I simply believe that Liverpool face less danger from wide areas than from attacks through the central zones, using short quick passes, where Arsenal players interchange positions often and run off the back of Liverpool midfielders.  In addition to being confident that Agger and Carragher are capable of dealing with Arsenal’s crossing; I also believe that Reina should be encouraged to claim as many crosses as possible.  In my opinion Reina could then initiate quick counter attacks distributing the ball to the likes of Downing or Suarez, with Arsenal having committed significant numbers into attack.

As I stated earlier in the article, Liverpool made a very effective start to the fixture last season limiting Arsenal to just 56 passing attempts in the opening 10 minutes of the game.  They did this by ensuring that they maintained possession themselves, attempting 60 passes in the first 10 minutes with 80% accuracy.  In their fixture with Arsenal, Man Utd only attempted 16 passes in the first 10 minutes with an accuracy of 44%, this illustrates how effective the start was last season by Liverpool.  In my view it is crucial that Liverpool assert themselves early in the game on Saturday and then maintain this throughout the game.

The table above illustrates that Liverpool were unable to maintain the positive start that they had made.  In the period of time between the 11th minute and the 40th minute Liverpool’s attempted passes reduced fairly dramatically, highlighting the fact that Arsenal were dominating possession.  They seemed to recover either side of half-time before losing possession again between minutes 51 and 80. Perhaps after withstanding the Arsenal pressure, Liverpool then thought they could snatch victory and managed to increase the amount of passing attempts in minutes 81-90.  They also fell behind in this period and therefore I would expect them to try and take more possession of the ball in order to get themselves back on equal terms (which they thankfully did).

It is imperative that Liverpool try not to fall into this pattern in the game on Saturday.  I believe that Liverpool should feel as though they have players capable of maintaining possession against Arsenal, and as a result capable of creating chances.  They must not concede possession to Arsenal too easily during the game; this does not mean that I am advocating a ‘gung-ho’ approach where they press Arsenal high up the pitch (I think this would be a recipe for disaster).  On the contrary I believe that Liverpool will be best served allowing Arsenal’s centre-backs to have the ball whilst preventing them from playing in to the centre circle area.  If Liverpool can force Vermaelen and Koscielny into hitting long passes, it will again reduce Arsenal’s attacking threat.  The point I am making is that once Arsenal lose possession, or Liverpool win the ball back, Liverpool must keep possession and not be relieved of the ball too quickly.  If they fail to do this Arsenal will be able to exert more dominance on the game.

The key is finding the balance between quick counter-attacking transitions, where it is more likely that possession will be lost, and slower, more patient, build-ups where it is easier to maintain possession.  In the fixture last year Liverpool had more attempts at goal in the periods in which they attempted more passes (displayed in the table below). This again highlights the fact that they were capable of creating opportunities, for attempts on goal, when they had more of the ball.  As Liverpool have improved the playing staff over the summer, there should be no reason why they would not create more opportunities for attempts on goal if they can see enough of the ball.

Exploiting Arsenal’s Weaknesses

If Liverpool can secure sufficient possession of the ball, how then should they attempt to attack Arsenal?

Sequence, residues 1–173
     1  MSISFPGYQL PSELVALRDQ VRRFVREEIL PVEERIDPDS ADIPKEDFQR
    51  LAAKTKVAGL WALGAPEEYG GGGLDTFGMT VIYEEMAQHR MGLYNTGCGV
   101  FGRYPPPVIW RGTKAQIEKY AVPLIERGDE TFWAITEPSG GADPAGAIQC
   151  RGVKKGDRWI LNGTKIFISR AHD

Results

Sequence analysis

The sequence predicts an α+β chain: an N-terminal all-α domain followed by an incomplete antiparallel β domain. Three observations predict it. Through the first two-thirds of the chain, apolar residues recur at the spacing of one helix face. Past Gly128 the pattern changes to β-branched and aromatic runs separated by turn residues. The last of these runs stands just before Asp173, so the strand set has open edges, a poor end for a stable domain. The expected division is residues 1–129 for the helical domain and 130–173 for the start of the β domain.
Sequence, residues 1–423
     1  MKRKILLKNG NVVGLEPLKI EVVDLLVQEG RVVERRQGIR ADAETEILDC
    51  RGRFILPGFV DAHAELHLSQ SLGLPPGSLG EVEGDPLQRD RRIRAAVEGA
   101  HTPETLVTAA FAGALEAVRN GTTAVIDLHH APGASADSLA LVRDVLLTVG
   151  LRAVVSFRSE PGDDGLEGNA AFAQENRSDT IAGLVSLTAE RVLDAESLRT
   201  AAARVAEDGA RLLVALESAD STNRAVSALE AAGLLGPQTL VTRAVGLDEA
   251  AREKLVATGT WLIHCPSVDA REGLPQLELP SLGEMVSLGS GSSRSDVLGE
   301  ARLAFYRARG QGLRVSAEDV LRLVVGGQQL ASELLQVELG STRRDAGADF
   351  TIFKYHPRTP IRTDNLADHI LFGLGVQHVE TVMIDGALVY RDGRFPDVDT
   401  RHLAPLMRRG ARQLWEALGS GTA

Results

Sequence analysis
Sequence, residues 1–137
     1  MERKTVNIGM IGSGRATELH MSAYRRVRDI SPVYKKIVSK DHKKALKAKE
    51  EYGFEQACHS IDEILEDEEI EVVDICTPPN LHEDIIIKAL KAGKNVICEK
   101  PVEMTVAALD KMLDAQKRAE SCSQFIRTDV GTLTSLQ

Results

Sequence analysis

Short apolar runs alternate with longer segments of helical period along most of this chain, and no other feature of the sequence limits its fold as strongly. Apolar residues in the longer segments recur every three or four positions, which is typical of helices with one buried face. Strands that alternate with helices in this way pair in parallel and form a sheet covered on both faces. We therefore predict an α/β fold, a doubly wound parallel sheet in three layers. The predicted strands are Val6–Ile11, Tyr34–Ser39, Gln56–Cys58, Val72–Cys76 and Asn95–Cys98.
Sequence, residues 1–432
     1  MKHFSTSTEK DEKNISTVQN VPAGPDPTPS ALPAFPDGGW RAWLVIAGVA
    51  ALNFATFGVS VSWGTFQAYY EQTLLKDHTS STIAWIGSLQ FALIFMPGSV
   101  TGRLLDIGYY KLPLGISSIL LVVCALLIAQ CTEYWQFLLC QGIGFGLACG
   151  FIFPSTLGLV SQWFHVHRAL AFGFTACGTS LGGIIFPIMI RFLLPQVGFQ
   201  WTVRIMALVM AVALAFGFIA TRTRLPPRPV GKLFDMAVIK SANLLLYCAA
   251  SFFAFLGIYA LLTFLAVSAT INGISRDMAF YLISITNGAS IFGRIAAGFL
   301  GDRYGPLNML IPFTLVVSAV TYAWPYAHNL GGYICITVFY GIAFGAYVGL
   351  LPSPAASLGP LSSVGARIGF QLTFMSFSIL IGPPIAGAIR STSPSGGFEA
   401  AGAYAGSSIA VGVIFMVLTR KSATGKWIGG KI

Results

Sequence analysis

Andy Carroll

I’m sure everyone will be able to recall Carroll’s goal for Newcastle at the Emirates last season.  If you can’t he basically jumped far higher than everyone else in the Arsenal team (including the goalkeeper Fabianski) to nod the ball into an empty net, and secure a 1-0 victory for Newcastle.  In that game Carroll received the ball 46 times, more than any other Newcastle player, creating two chances in addition to his goal.  In Liverpool’s game last season, Carroll only received the ball 19 times before being subbed after 71 minutes.  Now that Carroll is fully fit, I would expect to see him more involved in Liverpool’s attacking strategy on Saturday.  This means using him effectively during open play to bring others, such as Suarez, not just lobbing aimless balls up to him so he ends up in a fight with two central defenders (Carragher is often the main culprit).

The Aerial Threat of Carroll

The passes into Carroll, more often than not, need to be into his feet or chest to allow him to hold-up the ball and then lay it off for his fellow team-mates.  The stats from the game against Sunderland show that he accurately completed 9 out of 11 lay-offs, but 0 out of 7 flick-ons.  Common sense would tell anybody that the ball needs to be delivered to him in a manner that allows him to control it and hold it up.  If Liverpool do hit high balls up towards his head, then they must get players around him in order to pick up any second balls.

Liverpool must create opportunities to deliver effective crosses into the Arsenal penalty area for Carroll to attack.  Again the quality of the cross is imperative here; Andy Carroll is not a miracle worker who can magically generate enough power onto a floated cross, landing between the penalty spot and the edge of the area, to enable him to score.  Liverpool must create opportunities which see the likes of Downing, Adam, Henderson (or Kuyt), Suarez and Enrique delivering a range of crosses, into the Arsenal penalty area, between the six-yard box and the penalty spot.  Some crosses should be in-swinging, some should be out-swinging; they should try to cross from deep, from the byline and from somewhere in between.  Enrique delivered one magical cross into Sunderland’s penalty area that, in my opinion, will more often than not see Andy Carroll getting on the end of it.

In Arsenal’s game towards the end of last season away to Stoke, which they lost 3-1, it was Jones and Walters who received the ball the most frequently (25 times each).  Jones scored one, Walters scored one and Pennant got the assist in open play which was from a cross.  I am most certainly not saying that we should be as direct as Stoke, however it is clear that Arsenal struggle against direct teams with powerful centre-forwards.